By Tamara Jorell
“I’m taking the dog for a walk.” I clipped the leash on Lala. “Anyone wanna join me?”
“I will.” My daughter, Inga, age 17, stepped into her shoes by the door, and the three of us set off.
The first walk of spring always reveals what winter tries to hide under its pristine covering. After the melt, we witness the naked truth of inner-city living. Old chip bags and candy wrappers speckle sidewalks, and four months of doggy-doo pepper the boulevard in front of that one house.
Our enthusiasm not dampened by our surroundings that day, we breathed in air that hinted at gardens and sandals, barbecues and bike rides. And Lala trotted along between my girl and me, her nose twitching; her world of smells was new again.
Up ahead, two young men stood on the corner of the next block. Soon, we would reach them, but the dog was uneasy near strangers when on her leash; I would cut across the street before getting too close. One of the men motioned to me and called out something I couldn’t decipher. People had approached me before on that corner — and I hadn’t had spare change on me then either.
“I didn’t catch that,” I said to him when we were near enough. Fur stood in a ridge along the dog’s spine.
“Do you live on this block?” His gaze darted to something behind me, his expression etched with urgency. His friend shifted his feet, wearing the same anxious look.
“No.” I furrowed my brow. “Why?”
“There was a baby in the street back there.” He pointed behind us. “Maybe you could get him?”
I squinted in the direction he indicated and glimpsed the jerky steps of a toddler in a green coat half a block away and across the street. The little one climbed onto the curb and wobbled to his feet on the sidewalk. A van pulled up next to us. The passenger side window lowered, revealing four women inside.
“There’s a baby alone outside back there.” The driver’s words came out choppy as she thumbed in the same location. “Did you see him?”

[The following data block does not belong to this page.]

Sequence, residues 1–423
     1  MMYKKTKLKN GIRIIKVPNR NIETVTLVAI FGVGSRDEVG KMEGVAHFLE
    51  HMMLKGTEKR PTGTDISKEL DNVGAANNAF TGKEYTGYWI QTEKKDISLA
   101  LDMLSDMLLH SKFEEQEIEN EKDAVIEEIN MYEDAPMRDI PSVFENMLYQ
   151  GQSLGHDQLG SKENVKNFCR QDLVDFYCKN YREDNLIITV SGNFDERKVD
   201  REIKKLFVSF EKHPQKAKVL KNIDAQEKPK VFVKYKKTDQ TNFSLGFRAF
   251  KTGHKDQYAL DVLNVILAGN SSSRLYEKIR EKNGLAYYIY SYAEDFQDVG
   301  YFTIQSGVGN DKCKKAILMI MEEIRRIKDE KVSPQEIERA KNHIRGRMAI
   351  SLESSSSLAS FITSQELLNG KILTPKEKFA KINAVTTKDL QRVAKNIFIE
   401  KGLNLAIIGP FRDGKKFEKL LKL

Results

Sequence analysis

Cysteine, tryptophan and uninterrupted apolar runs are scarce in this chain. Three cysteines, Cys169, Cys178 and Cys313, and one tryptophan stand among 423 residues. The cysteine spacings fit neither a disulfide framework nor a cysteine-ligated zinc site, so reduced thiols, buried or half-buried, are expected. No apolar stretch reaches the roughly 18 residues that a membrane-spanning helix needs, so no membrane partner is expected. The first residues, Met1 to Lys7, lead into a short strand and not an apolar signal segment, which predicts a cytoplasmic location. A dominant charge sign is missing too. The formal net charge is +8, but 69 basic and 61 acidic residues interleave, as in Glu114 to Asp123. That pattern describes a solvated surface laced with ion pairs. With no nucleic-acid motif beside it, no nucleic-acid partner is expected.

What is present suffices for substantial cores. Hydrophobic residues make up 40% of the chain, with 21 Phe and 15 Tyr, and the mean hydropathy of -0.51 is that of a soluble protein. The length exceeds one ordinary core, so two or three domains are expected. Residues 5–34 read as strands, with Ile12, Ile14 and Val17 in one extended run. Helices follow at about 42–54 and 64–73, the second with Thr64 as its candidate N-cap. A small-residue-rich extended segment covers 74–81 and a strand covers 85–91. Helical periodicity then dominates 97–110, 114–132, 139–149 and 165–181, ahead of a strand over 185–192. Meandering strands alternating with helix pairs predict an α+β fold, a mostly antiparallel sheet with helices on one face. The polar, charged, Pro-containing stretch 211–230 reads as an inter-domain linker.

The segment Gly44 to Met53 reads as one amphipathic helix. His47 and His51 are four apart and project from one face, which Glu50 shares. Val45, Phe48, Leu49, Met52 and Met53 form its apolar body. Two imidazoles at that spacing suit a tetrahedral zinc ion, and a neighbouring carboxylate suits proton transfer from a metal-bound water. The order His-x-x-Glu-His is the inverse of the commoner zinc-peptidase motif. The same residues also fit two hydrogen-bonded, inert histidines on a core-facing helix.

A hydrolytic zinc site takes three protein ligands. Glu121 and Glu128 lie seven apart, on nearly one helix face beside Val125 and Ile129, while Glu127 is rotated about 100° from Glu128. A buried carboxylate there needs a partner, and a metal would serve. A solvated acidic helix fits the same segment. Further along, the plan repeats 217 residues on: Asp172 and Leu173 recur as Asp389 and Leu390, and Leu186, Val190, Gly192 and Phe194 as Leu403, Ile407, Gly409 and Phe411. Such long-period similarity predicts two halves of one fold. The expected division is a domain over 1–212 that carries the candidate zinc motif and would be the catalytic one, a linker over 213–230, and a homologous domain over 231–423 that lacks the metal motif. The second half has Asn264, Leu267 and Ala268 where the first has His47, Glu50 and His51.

The young men nodded.
“I’ll go,” I said.
The woman in the passenger seat jumped out, her mouth a straight line. She jogged across the street toward the spot where we had all spied the toddler.
Before joining the search, I waved to the two men. “You guys are the best.”
My girl, the dog and I began the hunt. But where was the little one now? We scanned the sidewalks and street. Nothing. He couldn’t have wandered far. We caught up to the woman from the van.
“He was just here.” She scowled, hands on her hips. “Now he’s gone.”
We combed the nearby yards together. As the seconds ticked by, anxiety squeezed my chest.
“Over there.” The woman pointed to a house.
Inside the home — and standing at the picture window — was the baby in green. He pressed his forehead and palms against the glass and stared back at us.
I exhaled tension, and my concern fluttered away. “Thank goodness.”
The driver of the van circled back to pick up her friend. And Inga, Lala and I strode home.
Each day holds things we hardly notice: cups of coffee and hot showers, dog walks and grocery runs. But acts of kindness perk up the mundane. During that first walk of spring, a tiny neighbor in a green coat rattled the lives of eight people for two minutes on one block in North Minneapolis. And just like that, our priorities melded. We rallied forces so even the smallest among us was safe.
Kindness notices a neighbor in need. And it makes sure we all find our way home.